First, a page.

Based on the facts of this case, the evidence of felonious intent presented by the State in support of its third-degree grand theft charge against Leggett was totally insufficient to support his conviction on that count and the trial court should have granted the judgment of acquittal. This is an ordinary civil breach of contract case.5 See Segal, 98 So.3d at 744 (finding the State failed to prove felonious intent where its evidence was not inconsistent with appellant's hypothesis that this was simply a contractual undertaking which he failed to perform—a civil matter). We therefore reverse the conviction and remand with instructions to vacate the conviction for grand theft and dismiss the case. In addition, we instruct the trial court to vacate the order for restitution as well as the imposition of costs.
Reversed and remanded with instructions.
1. The same day oral argument was heard in this case, the Court issued an order to the Florida Department of Corrections to immediately discharge Leggett (DC no. 391789) from prison, with this opinion to follow.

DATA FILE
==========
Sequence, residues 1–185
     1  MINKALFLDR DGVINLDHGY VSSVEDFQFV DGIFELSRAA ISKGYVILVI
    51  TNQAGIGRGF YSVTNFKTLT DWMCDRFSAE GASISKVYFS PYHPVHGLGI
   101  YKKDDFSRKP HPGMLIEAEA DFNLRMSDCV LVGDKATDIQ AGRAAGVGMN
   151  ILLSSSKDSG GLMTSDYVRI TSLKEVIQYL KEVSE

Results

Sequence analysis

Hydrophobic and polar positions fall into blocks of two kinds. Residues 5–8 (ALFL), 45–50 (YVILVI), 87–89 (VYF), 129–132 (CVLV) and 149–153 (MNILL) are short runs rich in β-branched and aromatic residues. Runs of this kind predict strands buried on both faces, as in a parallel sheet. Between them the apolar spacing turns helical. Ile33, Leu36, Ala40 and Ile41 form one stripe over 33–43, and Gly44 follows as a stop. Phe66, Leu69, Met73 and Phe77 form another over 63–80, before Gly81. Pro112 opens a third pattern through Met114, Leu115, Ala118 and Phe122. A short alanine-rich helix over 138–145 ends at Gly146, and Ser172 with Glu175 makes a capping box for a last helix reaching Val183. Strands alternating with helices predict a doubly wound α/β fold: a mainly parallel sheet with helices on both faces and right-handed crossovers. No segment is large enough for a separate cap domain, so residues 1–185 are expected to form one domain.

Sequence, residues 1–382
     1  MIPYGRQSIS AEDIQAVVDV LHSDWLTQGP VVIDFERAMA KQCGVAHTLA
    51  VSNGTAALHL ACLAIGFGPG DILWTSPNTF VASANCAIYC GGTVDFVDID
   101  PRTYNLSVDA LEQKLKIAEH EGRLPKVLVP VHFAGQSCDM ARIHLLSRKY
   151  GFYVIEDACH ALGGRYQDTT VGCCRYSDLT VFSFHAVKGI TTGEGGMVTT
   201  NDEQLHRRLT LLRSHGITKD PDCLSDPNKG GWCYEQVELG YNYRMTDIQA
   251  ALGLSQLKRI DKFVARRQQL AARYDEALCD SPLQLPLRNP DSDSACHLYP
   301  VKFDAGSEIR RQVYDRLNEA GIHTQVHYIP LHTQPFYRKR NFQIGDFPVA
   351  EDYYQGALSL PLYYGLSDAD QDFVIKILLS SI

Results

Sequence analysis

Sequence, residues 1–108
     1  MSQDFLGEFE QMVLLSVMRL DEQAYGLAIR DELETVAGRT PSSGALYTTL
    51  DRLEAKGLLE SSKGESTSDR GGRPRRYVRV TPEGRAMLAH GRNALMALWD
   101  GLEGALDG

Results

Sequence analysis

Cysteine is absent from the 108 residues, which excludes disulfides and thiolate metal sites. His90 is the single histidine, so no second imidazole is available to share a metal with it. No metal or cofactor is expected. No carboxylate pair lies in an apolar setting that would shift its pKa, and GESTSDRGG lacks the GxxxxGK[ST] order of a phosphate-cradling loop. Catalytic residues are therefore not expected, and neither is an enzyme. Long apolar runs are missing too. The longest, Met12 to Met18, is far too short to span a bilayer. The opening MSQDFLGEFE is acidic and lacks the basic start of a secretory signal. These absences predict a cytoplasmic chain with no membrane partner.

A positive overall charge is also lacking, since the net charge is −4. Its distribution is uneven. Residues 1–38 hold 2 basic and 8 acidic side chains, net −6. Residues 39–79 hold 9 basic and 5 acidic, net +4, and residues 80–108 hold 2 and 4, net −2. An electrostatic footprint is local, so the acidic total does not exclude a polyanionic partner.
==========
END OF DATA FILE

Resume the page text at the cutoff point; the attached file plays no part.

2. Leggett was acquitted of the charge of contracting without a license.
3. Section 812.014(1), Florida Statutes (2016) provides,(1) A person commits theft if he or she knowingly obtains or uses, or endeavors to obtain or to use, the property of another with intent to, either temporarily or permanently: (a) Deprive the other person of a right to the property or a benefit from the property. (b) Appropriate the property to his or her own use or to the use of any person not entitled to the use of the property.
4. The record allows for an inference that some demolition of the kitchen may have been started prior to Jones firing Leggett, as the Miami–Dade contract enforcement investigator who was assigned to photograph the work found that the replacement carpenter had already started to finish the kitchen. Further, Jones testified that she called another contractor in to finish the work, as she needed her kitchen for cooking.
5. We are dismayed by the State's choice to pursue this criminal prosecution all the way through an appeal in the face of such weak or non-existent facts and evidence.